Cancer had been such a dark and fearful mystery because it takes so many forms. It can strike any organ, any tissue, anywhere in the body. Despite this diversity, all cancers share certain characteristic. They are all diseases of individual cells, the basic building blocks of plants and animals. No multicelled organism is immune to these diseases. A growth called crown gall, which appears on a number of plants, including daisies and tomatoes, exhibits certain characteristic of cancer. Insects get cancer; the fruit fly, a favourite creature of experimenters because it reproduces so rapidly - more than 35 generations per year - suffers from both brain tumors and blood cancers. Fish that swim through harbors polluted by tars and oil that cause cancer in human being develop cancers similar to human cancer. Dogs, cats, cows and horses get cancers of various types. Some wild animals such as cheetahs and certain asiatic bears, were once thought to be immune. They are not. Protected in a laboratory or a zoo from disease and their natural enemies, so that they consistently reach an age old for their species, they too develop the disease.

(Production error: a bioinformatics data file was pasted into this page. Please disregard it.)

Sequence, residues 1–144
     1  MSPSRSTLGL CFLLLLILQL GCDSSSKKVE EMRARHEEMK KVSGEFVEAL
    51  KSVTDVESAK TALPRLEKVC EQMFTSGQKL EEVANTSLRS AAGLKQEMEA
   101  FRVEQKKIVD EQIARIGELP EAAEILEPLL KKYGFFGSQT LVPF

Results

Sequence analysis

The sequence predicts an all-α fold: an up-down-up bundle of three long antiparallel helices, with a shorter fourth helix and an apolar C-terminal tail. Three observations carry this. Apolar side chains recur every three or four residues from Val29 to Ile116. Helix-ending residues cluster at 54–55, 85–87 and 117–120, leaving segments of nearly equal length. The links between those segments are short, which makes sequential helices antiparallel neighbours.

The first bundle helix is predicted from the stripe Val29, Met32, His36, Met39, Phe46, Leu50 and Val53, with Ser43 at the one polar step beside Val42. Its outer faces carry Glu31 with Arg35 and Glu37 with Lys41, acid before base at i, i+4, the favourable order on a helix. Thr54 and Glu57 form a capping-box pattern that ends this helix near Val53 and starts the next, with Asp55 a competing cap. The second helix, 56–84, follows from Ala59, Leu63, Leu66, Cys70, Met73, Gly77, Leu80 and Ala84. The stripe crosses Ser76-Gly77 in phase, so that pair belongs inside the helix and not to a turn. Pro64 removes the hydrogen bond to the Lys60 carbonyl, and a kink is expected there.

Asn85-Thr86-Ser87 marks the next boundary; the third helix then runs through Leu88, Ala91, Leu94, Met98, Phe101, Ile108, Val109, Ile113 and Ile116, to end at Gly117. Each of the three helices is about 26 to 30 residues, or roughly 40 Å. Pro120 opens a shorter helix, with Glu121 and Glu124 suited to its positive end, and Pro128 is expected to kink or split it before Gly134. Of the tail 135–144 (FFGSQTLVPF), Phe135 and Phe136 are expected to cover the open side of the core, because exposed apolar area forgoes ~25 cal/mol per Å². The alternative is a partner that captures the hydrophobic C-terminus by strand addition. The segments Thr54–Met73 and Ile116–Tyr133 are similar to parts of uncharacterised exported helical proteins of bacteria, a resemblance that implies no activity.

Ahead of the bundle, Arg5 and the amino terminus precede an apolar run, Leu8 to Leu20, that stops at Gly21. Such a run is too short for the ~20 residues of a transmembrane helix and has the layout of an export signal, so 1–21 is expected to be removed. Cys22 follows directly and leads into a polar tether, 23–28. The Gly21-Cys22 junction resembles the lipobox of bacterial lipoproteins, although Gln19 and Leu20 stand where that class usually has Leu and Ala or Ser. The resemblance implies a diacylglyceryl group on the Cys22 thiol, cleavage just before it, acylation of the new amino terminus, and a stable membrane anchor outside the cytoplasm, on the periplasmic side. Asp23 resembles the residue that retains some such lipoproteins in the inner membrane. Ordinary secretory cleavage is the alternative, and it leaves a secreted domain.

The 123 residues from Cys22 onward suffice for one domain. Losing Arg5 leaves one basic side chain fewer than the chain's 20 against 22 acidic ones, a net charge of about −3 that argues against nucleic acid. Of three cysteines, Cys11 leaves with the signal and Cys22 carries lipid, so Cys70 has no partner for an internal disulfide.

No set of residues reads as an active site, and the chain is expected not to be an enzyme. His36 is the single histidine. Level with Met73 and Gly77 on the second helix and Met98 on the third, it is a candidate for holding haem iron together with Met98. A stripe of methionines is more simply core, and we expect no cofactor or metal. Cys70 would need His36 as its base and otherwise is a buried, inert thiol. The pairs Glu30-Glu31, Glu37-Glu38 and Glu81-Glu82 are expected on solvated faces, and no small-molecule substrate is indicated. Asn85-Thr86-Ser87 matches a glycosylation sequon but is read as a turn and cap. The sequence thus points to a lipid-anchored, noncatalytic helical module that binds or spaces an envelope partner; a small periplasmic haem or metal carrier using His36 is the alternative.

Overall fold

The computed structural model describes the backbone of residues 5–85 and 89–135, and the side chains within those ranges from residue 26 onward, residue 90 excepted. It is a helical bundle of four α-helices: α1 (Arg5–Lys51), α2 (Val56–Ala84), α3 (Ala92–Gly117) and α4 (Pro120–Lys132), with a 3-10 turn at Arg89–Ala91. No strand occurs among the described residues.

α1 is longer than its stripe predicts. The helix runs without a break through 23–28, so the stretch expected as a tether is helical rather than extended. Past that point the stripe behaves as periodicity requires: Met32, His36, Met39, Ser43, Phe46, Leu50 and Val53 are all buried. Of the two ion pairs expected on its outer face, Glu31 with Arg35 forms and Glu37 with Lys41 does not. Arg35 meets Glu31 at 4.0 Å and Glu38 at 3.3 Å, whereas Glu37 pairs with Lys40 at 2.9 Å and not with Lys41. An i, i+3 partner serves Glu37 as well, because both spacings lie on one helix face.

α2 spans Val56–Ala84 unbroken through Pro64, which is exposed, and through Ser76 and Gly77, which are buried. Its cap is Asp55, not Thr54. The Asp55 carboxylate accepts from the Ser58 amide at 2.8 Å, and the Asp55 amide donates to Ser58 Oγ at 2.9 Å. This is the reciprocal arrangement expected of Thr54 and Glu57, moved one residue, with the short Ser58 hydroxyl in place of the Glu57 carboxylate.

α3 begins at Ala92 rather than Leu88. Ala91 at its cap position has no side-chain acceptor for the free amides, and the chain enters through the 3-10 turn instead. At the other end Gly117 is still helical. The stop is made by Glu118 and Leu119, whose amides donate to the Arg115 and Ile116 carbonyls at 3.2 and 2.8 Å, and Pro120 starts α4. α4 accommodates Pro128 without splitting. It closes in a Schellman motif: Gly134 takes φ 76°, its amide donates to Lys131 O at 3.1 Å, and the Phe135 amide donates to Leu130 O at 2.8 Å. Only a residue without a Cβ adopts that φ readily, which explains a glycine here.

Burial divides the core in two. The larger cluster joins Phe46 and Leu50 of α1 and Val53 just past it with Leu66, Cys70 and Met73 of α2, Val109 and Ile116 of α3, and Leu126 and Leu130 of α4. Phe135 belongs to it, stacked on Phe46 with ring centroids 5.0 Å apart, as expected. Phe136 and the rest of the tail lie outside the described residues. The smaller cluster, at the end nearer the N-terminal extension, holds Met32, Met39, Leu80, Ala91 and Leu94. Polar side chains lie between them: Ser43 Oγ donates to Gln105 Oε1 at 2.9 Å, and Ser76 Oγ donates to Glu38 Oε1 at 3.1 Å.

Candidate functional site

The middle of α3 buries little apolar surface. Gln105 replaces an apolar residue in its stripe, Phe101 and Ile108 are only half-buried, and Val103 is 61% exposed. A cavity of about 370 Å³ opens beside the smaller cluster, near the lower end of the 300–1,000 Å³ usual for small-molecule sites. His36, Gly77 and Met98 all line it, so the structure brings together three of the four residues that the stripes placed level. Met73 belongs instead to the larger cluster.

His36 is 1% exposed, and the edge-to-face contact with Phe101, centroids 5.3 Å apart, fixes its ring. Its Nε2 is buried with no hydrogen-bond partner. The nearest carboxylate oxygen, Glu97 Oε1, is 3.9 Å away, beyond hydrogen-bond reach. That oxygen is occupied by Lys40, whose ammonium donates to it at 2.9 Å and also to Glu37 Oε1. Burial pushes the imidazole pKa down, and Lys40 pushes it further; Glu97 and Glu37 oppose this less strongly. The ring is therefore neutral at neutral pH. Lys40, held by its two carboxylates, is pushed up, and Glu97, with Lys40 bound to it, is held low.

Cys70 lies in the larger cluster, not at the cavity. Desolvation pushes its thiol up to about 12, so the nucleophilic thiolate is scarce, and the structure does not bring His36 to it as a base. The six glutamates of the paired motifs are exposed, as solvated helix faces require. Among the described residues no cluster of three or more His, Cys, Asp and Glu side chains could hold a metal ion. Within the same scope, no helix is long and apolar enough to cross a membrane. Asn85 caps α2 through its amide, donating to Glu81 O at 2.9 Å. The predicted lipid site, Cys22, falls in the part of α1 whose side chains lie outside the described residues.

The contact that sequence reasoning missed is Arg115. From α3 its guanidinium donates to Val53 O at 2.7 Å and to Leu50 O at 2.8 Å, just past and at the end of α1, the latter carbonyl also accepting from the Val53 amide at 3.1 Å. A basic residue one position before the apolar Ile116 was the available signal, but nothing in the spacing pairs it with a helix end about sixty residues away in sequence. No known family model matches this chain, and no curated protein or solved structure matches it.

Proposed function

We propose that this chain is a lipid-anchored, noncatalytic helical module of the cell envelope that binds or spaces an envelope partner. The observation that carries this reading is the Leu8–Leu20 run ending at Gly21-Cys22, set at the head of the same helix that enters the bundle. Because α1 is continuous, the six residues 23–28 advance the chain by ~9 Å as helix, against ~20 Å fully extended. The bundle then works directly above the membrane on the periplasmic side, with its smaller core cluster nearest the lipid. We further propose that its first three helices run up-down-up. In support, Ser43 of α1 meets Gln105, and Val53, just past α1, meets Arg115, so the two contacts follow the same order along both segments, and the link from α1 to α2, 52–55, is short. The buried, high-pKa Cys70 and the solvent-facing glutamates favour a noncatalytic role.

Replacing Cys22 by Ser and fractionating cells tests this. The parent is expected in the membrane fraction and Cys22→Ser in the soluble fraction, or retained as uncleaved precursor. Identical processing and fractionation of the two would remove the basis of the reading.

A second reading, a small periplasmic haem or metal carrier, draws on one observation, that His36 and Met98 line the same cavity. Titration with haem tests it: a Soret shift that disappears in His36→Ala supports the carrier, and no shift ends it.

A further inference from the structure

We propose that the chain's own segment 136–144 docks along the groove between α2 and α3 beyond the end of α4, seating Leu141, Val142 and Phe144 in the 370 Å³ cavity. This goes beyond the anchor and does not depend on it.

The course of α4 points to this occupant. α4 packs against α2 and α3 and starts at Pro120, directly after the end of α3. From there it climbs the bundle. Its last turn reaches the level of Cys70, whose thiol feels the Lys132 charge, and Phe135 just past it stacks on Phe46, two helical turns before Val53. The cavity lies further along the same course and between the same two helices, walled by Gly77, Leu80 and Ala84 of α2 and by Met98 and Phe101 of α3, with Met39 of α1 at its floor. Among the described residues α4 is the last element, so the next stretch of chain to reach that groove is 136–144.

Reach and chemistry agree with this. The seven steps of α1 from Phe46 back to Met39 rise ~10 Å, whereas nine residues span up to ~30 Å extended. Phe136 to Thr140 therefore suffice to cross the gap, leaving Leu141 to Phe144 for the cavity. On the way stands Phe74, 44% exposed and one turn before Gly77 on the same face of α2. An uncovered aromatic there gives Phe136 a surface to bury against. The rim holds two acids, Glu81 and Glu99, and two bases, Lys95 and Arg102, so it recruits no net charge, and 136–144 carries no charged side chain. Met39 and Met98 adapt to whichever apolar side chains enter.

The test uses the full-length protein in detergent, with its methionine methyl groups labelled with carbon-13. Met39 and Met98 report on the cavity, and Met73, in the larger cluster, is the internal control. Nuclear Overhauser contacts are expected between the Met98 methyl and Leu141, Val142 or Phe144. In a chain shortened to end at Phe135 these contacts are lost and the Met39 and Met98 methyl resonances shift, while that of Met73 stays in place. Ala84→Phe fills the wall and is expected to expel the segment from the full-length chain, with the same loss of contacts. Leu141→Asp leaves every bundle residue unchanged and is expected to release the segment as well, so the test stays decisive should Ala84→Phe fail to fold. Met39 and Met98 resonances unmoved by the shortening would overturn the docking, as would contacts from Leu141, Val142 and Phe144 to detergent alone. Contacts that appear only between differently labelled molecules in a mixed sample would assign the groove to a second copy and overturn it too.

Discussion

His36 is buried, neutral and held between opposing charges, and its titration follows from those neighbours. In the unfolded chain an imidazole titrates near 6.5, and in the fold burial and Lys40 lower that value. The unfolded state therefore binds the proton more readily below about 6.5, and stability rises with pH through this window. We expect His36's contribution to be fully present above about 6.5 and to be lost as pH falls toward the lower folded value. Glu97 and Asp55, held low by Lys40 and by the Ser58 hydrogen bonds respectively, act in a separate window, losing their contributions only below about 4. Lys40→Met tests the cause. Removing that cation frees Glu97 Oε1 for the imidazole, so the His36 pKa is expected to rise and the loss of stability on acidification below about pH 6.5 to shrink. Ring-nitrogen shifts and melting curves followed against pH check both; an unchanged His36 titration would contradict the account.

In all of these living thing, a cancer starts when something goes awry inside a cell, the smallest unit of living tissue. An error is somehow introduced into the genetic code, the complex pattern of molecules that normally ensures the reproduction of a new cell perfectly fitted to its function in the body. The genetic error may be caused by a chemical; by radiation therapy; or by the tiny agent of disease called virus. In addition, many genetic disruptions are simply random slippages of the cell's machinery, with no discernible cause. The result is the same : a new born freak cell called a mutant.
Few mutant cells survive long enough to do any damage. Some are so deformed or deficient that they wither and die; others are destroyed by the body's natural defenses. In a cancer victim - however - at least one such cell hangs on to life and eludes the body's defender. The cell divided into two, the two into four. Eventually, a billion or more may form a tumor, a swollen lump perceptible to the touch.

Rarely do swellings indicate the growth of new tissue and even more rarely are they dangerous. The hard knot that follows a bump on the head is simply an accumulation of fluid beneath the skin; other swellings are caused by pus at the site of an infection. Even a tumor consisting of mutant cells is seldom cancerous; most tumorous lumps are classified as benign and generally can be ignored. Only malignant or cancerous, tumors inevitably pose a thread to life.

Continue to "How Malignancy Begins (part 2)"



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